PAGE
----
Excitement about Astra-Zeneca’s vaccine warehouse

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Dhe timing was certainly no coincidence: On the day on which the EU Commission presented its new rules for the approval of vaccine exports in Brussels, the Italian newspaper “La Stampa”, citing the French Internal Market Commissioner Thierry Breton, reported that the British-Swedish vaccine manufacturer Astra-Zeneca (AZ) stores almost 30 million Covid vaccine doses in a factory in Anagni south of Rome. A licensing company fills vaccines for AZ that are not produced in the EU.

Tobias Piller

Tobias Piller

Economic correspondent for Italy and Greece based in Rome.

Philip Plickert

The process is designed to further increase the already considerable outrage about the manufacturer. AZ has remained and remains significantly below the quantities stipulated in the supply contracts with the EU. The company announced several times that it could unfortunately not deliver as much as promised – however, it delivered to Great Britain by and large as much as agreed. The delivery promise to the EU originally amounted to 120 million cans by the end of March, at last it was 30 million – the same amount as detected by Commissioner Breton in Italy.

There and in Brussels the rumors shot up on Wednesday: Is the amount withheld intended for the United Kingdom, does AZ export vaccine produced in the EU to Britain again? Is Breton making sure that doesn’t happen – and is it imposing an export ban? Is the “vaccination war” between Brussels and London finally escalating?

New rules for exports

Valdis Dombrovskis, the notoriously anti-climactic Vice President of the EU Commission, vehemently opposed this speculation. The new version of the rules for the registration and approval of vaccine exports, which have been in force since the end of January, do not contain an export ban, said the Latvian.

The company and the EU Commission also announced that the vaccine stored in Italy was not intended for export to Great Britain. More than half will be delivered to the EU, it said from the Brussels authority. According to AZ, 16 million cans are intended for the EU. This means that the delivery commitments for the first quarter would be fulfilled by the end of the month.

The rest go to developing countries as part of the Covax global vaccination program, in which the EU is also involved. The latter are currently in the final inspection before delivery. “Otherwise no export is currently planned.” In addition, the presentation was incorrect, it was a “warehouse” of vaccines that were “bunkered”, said AZ. The vaccine production is time consuming; Last but not least, careful quality control is required.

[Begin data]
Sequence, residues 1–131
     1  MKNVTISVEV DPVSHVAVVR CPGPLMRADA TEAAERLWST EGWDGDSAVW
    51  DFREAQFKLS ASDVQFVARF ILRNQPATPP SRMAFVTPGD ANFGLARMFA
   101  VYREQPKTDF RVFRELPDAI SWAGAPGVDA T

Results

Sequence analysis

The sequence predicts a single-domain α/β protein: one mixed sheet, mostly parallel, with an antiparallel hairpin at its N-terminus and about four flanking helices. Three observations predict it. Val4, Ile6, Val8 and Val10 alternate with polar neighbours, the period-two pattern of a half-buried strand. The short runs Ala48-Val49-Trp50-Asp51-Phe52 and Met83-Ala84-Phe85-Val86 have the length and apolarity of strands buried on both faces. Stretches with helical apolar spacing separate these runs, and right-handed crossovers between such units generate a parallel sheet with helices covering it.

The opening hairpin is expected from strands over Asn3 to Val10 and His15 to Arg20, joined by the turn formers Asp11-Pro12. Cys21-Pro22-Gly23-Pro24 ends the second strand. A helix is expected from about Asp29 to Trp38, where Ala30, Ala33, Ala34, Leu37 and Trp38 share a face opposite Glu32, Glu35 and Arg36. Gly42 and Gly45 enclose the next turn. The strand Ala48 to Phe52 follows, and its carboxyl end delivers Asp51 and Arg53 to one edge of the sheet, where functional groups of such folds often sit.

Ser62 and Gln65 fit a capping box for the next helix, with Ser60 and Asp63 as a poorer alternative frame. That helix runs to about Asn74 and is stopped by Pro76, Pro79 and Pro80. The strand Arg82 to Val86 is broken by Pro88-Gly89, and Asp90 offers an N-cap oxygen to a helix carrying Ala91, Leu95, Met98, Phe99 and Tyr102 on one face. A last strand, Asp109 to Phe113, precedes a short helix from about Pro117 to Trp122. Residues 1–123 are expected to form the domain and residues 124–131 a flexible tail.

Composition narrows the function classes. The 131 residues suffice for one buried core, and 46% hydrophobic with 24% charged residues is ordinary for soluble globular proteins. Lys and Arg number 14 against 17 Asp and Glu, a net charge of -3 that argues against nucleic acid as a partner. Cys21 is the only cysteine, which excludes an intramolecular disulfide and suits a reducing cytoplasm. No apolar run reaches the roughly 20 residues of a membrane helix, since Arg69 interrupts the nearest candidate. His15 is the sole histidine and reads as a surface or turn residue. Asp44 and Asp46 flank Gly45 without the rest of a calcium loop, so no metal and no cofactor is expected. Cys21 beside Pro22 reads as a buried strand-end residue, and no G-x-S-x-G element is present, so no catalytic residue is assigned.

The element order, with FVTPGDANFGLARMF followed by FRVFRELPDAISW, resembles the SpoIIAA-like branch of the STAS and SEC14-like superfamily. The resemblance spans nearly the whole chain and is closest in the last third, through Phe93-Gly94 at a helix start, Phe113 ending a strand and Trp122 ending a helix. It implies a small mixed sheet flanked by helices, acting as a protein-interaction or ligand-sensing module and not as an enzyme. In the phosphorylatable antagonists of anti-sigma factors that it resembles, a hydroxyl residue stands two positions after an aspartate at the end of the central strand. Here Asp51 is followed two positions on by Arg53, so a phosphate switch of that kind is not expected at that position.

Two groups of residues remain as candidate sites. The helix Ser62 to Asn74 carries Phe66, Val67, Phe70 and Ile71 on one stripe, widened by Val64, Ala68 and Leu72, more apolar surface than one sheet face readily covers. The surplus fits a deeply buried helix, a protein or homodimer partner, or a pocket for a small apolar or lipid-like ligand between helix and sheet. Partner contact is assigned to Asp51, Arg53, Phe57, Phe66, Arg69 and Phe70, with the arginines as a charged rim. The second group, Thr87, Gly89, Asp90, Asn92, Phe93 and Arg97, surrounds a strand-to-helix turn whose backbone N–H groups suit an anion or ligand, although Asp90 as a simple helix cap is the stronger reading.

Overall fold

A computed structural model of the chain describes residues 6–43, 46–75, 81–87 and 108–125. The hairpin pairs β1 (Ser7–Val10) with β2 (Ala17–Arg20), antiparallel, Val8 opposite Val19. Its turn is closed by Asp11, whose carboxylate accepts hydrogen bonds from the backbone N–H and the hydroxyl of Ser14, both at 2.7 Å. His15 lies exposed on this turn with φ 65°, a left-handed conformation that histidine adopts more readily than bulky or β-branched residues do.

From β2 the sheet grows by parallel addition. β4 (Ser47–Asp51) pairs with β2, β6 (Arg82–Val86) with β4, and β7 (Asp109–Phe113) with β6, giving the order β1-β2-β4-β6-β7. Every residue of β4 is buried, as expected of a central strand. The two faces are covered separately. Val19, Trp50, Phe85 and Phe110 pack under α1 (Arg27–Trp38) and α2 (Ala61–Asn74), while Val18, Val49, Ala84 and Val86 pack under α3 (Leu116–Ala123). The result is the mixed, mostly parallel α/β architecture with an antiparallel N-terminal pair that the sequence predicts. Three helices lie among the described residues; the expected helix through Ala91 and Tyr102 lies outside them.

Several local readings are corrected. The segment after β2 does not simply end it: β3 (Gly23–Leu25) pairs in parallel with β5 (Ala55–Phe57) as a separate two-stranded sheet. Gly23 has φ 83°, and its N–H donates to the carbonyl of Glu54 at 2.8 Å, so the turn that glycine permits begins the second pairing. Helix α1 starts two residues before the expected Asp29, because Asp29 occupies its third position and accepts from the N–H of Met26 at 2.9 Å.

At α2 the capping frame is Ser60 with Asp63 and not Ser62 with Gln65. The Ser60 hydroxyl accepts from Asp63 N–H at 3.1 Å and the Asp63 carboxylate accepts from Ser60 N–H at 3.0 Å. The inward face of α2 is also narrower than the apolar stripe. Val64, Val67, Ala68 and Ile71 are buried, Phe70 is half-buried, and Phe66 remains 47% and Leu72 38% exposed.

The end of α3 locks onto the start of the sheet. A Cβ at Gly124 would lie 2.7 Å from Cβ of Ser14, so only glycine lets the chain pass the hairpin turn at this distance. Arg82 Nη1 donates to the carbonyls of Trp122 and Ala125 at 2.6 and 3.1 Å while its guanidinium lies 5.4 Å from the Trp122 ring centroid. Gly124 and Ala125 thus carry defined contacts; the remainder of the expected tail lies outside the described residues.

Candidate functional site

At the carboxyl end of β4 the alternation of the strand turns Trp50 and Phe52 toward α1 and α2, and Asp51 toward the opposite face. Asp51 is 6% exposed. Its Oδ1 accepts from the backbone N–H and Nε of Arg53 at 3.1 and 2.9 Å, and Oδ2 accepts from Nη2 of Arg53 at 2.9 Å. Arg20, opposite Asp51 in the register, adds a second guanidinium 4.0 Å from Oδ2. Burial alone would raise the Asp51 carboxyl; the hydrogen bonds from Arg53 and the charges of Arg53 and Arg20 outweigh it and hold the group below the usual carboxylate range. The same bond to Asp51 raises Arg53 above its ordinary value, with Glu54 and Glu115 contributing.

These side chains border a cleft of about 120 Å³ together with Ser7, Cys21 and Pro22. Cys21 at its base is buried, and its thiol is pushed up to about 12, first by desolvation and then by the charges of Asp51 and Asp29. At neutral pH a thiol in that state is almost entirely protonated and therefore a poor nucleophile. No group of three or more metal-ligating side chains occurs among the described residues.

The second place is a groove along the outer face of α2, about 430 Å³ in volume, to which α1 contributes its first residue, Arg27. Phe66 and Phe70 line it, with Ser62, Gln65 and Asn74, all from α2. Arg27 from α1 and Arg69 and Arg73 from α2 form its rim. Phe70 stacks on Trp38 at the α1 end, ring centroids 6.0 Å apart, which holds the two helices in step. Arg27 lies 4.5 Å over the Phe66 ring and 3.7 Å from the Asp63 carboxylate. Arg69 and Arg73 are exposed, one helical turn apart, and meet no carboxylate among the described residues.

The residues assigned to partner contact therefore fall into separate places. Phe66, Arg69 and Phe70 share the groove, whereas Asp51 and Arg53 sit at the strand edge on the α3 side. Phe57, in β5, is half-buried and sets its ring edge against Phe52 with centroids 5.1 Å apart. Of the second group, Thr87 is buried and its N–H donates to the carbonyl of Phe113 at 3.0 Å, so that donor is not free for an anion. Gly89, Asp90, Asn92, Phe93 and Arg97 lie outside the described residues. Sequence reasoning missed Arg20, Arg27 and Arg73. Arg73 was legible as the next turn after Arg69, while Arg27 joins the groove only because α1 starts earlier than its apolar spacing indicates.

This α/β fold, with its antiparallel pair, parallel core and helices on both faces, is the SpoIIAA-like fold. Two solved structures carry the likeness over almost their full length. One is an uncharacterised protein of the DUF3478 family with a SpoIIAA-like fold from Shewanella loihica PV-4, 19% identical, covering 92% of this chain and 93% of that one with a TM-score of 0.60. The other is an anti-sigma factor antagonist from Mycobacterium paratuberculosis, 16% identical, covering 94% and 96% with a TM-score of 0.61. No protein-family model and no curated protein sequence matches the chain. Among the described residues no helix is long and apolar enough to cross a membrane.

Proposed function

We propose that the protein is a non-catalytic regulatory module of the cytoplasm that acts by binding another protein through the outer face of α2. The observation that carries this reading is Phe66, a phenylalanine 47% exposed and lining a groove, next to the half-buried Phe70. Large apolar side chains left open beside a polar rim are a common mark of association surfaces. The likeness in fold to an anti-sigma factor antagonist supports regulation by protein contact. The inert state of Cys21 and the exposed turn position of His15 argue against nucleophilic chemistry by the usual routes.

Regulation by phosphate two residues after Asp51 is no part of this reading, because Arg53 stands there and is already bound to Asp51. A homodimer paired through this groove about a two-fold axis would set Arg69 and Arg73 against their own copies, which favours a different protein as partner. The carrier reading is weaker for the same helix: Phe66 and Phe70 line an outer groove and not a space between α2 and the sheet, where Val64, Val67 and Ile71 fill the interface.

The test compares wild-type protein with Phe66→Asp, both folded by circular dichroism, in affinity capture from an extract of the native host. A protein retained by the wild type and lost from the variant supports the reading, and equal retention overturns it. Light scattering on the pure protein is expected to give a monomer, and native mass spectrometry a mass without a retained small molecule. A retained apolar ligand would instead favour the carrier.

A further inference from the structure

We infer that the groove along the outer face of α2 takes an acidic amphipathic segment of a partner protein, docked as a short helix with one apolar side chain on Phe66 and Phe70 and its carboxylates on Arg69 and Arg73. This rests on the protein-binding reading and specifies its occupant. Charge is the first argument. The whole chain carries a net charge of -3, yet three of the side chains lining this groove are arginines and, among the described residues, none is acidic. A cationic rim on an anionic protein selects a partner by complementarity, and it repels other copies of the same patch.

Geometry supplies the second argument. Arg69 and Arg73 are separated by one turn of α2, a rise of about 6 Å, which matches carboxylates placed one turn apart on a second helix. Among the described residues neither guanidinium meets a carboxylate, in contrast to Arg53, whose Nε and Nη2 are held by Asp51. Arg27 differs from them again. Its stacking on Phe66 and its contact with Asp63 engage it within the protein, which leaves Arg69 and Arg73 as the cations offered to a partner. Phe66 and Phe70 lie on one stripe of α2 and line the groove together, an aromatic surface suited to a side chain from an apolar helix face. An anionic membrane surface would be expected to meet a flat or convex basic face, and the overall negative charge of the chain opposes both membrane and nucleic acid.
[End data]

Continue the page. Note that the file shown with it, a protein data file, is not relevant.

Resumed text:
“The pistol put on the table”

The assumption that the stocks in Anagni could serve as the first application for the new EU export rules is therefore wrong: the larger part is not exported at all, the smaller part goes to countries that the EU wants to support. As reported, the new set of rules is primarily intended to provide more precise criteria for the approval of vaccine exports. This will continue to be decided on a case-by-case basis. According to this, the EU states, in cooperation with the Commission, should ensure that an export ban would be proportionate and meet the criterion of reciprocity.

A ban would be proportionate if a target country already has a higher vaccination quota than the EU. This would be a lever for possible export bans to Great Britain. The commission said that the rules did not create an obligation to restrict exports. The criterion of reciprocity relates to the question of whether a potential recipient country allows the export itself. The instrument continues to primarily serve transparency and is not generally aimed at banning exports, said Dombrovskis. He recalled that of 381 export applications so far, 380 had been approved.

A blunt sword is supposed to be the possibility to forbid the export, but also not. The commission has now “put the pistol on the table”, it said in the authority. Ideally, this would lead to partner countries such as Great Britain or the USA becoming more cooperative. “The EU is the only area in the world that exports to countries that manufacture vaccine themselves,” said Dombrovskis.

It is a matter of fairness that this imbalance be reduced. The Latvian added that a “distinction must be made between companies with poor performance and those with good performance”. This means that those manufacturers who, unlike Astra-Zeneca, comply with their delivery obligations are not affected.

Commission President Ursula von der Leyen wants to present the new rules to the EU heads of state and government at their video conference this Thursday. Most member states support a tougher course towards Great Britain. This is especially true for the Netherlands. In Halix, the Netherlands, a new AZ production facility is due to open soon. The Hague wants to prevent the vaccine produced there from being exported to Great Britain.





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Excitement AstraZenecas vaccine warehouse

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